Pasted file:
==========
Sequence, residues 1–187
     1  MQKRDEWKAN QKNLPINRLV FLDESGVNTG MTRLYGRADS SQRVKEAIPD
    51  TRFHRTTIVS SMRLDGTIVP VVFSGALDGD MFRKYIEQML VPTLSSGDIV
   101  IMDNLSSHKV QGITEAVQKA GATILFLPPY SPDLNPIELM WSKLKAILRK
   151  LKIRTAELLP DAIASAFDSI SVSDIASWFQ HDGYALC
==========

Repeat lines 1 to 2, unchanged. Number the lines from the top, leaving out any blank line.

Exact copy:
Sequence, residues 1–187
     1  MQKRDEWKAN QKNLPINRLV FLDESGVNTG MTRLYGRADS SQRVKEAIPD